Updated: February 26, 2010, 9:57 AM ET

1. Cavs Rally After Shaq Gets Hurt

By Chris Sheridan

BOSTON -- Shaquille O'Neal was not around when the visiting team's locker room door opened, depriving everyone of an explanation as to exactly how he hurt his thumb, how badly he hurt it and how strange it was that the game completely flip-flopped after he was gone.

The Cavs started playing faster. They started locking down on defense. The paint opened up and LeBron James used that space to draw away multiple defenders and leave Mo Williams wide open for three consecutive fourth-quarter 3-pointers that turned this tale of two halves into a steamrolling.

If you only saw the first 12 minutes, you'd be convinced the Celtics were the far superior team.

If you only saw the last 12 minutes, you'd be saying to yourself: "Geez, those Cavs sure are going to give the Lakers a tough time in the Finals."

It was one of those nights that ended so differently than the way it started, it practically begged for O'Neal to sum it up with one of his quips.

But since he absconded, we're going to have to take a page out of the Big Fella's playbook and christen this game with a nickname all its own -- one O'Neal himself would appreciate despite the turnaround coming somewhat at his expense.

"The Big Thumbthing."

If we were writing with a lisp, we'd tell you that yeth, thumbthing thuperlative happened to the Cleveland Cavaliers midway through their 108-88 victory over the Celtics as they chipped away at an early 13-point deficit, lost their big man to an injury that they would only call "significant," then put the pedal to the floor in the final 12 minutes and outscored Boston 35-14 in the fourth quarter.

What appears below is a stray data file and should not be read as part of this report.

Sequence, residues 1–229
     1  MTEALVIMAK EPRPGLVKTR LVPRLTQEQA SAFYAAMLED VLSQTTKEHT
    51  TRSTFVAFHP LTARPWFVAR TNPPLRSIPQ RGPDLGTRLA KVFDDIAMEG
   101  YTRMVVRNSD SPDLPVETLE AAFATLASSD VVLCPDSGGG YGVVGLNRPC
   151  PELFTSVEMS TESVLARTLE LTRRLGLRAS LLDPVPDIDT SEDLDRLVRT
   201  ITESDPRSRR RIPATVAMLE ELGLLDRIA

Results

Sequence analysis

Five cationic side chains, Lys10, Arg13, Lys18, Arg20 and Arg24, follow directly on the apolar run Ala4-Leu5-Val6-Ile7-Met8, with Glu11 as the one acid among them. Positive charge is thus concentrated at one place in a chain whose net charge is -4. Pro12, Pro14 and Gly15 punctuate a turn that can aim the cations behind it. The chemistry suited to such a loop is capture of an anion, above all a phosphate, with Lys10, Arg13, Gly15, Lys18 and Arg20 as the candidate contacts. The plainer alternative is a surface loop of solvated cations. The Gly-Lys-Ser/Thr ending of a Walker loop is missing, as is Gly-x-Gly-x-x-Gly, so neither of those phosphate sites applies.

The end result was a 20-point victory that should put at least a temporary halt to the debate about pinpointing exactly what ailment had befallen the Cavs since the All-Star break, which they entered with a 13-game winning streak and exited by losing three of their last four.

"It's about keeping up the momentum throughout the year and being able to go into the playoffs on a high,' James said. "You don't look too far into a regular-season game -- you want to compare yourself against those teams, because Boston's playing well, the Lakers are playing well, Orlando's playing well, so you want to see where you are at that point in time. But as far as looking too far into it, saying that if we meet them in the playoffs this is exactly what'll happen again? No, we won't do that."

O'Neal injured his right thumb midway through the second quarter, realizing the severity of the injury when he received the ball on the perimeter, tried to grip it and couldn't.

Despite playing without Paul Pierce (sprained thumb), Ray Allen was hitting from outside, Kevin Garnett had enough lift in his legs to convert one of those alley-oop dunks he had been coming up short on all season, and the Cavs' lack of defensive intensity that coach Mike Brown had railed against pregame was manifesting itself again.

Then the O'Neal injury happened, and the thought flashed through the mind: They've lost Shaq, they aren't sure if they're getting Zydrunas Ilgauskas back (actually, they're 99 percent convinced he's returning, even if they won't say so publicly), and they look like they're on the way to losing the headlock they've held on the rest of the conference since mid-December.

And then …

Boston couldn't shake 'em. And when the Cavs hit, boy, did they hit hard.

The Celtics' lead actually shrank to eight by halftime, the Cavs kept chipping away throughout the third quarter, and then Williams -- who had looked so helpless and overmatched trying to stop Rondo in the early going -- got wide open for three consecutive 3-pointers to turn an 84-80 edge into a 93-83 lead.

Cleveland's advantage never dropped below double digits after that.

"It was a little bit of both. We didn't shoot the ball well and we didn't guard well in the first half, and then, you know, the 3-point shot is a back-breaker in this league, and to get three of them from Mo, that was huge," James said.

It was especially huge considering how little Williams contributed offensively during the Cavs' playoff demise last year after he'd been chosen for the Eastern Conference All-Star team.